Billups limping: Chauncey Billups strained his groin last week and has missed the last two games. He was limited in practice on Monday and is unsure if he'll be able to return Wednesday against the Heat. He should be back soon, but muscle issues like this can sometimes be recurring problems, so keep it in your mental rolodex even after he's able to play again.
Blazing Brandon: Brandon Roy started the season a little slower than expected, but he's been on fire of late and seems to have consciously picked up the pace after Greg Oden went down. Roy has scored at least 23 points in every game in December and is averaging 26.8 points with 5.3 boards, 5.1 assists, 1.7 treys and 1.2 steals for the month.
Cold Carter: Vince Carter is in a scoring slump with four games of 12 of fewer points in his last six contests, but he has been struggling with his shot all season. He's currently shooting a paltry 36.9 percent from the field for the month of December, and even in November when he was scoring more he was only shooting 40.4. I keep expecting Carter to eventually find his groove in Orlando, but when a shooting "slump" lasts for two months there has to be some concern that maybe this is just how it's going to be.
TMac is back... kind of: Tracy McGrady has returned to the court after his year-long layoff (microfracture knee surgery), but he has played less than eight minutes in all four of the games since making his debut. Rockets coach Rick Adelman doesn't expect McGrady's playing time to increase much over the next two games, so for now he's still a fantasy zero.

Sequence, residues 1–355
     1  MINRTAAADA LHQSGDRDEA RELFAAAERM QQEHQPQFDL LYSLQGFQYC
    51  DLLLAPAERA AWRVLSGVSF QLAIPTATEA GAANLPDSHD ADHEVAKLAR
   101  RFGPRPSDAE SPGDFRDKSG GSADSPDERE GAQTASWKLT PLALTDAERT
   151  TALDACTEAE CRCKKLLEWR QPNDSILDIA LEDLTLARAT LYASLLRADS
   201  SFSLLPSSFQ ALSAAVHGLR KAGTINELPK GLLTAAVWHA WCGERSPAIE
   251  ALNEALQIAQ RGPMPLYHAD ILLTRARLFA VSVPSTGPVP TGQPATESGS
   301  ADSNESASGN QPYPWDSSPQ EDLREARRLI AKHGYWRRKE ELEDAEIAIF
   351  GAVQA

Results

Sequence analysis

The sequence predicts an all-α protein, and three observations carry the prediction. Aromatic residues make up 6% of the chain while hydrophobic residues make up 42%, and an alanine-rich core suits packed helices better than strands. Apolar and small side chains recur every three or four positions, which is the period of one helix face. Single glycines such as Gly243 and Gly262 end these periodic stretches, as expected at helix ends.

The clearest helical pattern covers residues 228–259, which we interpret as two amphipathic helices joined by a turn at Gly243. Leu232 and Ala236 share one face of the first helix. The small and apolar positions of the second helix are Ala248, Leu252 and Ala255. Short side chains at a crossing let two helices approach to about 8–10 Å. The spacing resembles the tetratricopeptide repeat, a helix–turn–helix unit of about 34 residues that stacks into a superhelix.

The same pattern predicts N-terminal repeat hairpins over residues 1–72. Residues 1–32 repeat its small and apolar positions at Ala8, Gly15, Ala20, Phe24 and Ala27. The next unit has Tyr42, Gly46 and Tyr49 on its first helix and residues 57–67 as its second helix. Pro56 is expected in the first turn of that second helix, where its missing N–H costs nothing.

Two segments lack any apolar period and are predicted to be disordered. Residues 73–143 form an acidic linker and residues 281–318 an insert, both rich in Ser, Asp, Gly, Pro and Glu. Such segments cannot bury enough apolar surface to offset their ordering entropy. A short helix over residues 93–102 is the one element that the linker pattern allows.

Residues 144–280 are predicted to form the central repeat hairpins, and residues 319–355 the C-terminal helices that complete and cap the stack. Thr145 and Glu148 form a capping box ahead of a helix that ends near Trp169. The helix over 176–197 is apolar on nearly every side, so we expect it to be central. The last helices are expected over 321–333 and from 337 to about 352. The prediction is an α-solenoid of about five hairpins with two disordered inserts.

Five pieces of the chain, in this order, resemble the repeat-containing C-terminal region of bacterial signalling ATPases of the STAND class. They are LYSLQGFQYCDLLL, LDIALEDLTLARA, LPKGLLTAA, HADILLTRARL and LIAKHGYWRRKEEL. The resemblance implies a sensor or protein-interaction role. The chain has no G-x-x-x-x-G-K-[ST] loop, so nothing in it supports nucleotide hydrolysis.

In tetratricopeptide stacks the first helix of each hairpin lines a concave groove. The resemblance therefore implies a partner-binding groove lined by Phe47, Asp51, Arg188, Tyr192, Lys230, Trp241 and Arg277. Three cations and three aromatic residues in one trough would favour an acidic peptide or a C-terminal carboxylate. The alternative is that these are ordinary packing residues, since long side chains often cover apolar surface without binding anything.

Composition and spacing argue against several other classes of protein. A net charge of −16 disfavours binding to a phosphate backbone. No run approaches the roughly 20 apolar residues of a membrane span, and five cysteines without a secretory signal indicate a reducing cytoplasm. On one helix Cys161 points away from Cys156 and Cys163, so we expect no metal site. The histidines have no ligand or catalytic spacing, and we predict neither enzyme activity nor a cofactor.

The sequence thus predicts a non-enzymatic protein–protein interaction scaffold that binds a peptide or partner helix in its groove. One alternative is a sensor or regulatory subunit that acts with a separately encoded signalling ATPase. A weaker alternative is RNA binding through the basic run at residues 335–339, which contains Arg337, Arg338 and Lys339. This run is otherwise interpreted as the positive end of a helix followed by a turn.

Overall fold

Iverson out, Lou back in: Allen Iverson is back on the sidelines again with an arthritic knee and not expected back until at least the December 28. Meanwhile, Lou Williams came back early from his broken jaw and got in some game action on Saturday. He's expected to start on Tuesday, and should remain in the starting line-up moving forward even when Iverson returns.
Nelson playing himself into shape: After a month long layoff due to a knee injury, Jameer Nelson returned to the court on Monday. Nelson had a forgettable debut (two points, 0-for-6 FG, one assist in 14 minutes), but he clearly has to play himself back into shape and should be back up to speed relatively soon.
Speights a star: Marreese Speights picked right up where he left off before his knee injury, averaging 19.7 points with 7.7 boards in the three games since he's been back. Speights had been unexpectedly good off the Philly bench early in the season, and he looks like a great candidate to finish the season with a bang as his young team starts looking more towards a future where the second-year big man could be a star player for them.
Bynum's Gasol-ing worse every day: This is the third time I've highlighted Andrew Bynum's declining production since the return of Pau Gasol, and each time I do, the story is worse than before. Over the past two weeks Bynum has been borderline unstartable with five games of four-or-fewer rebounds during Pau Gasol's Teen Wolf phase (115 boards in seven games, including three 20-plus rebound efforts). Bynum had also been averaging only 9.6 points on fewer than eight shot attempts in the five games leading up to Monday.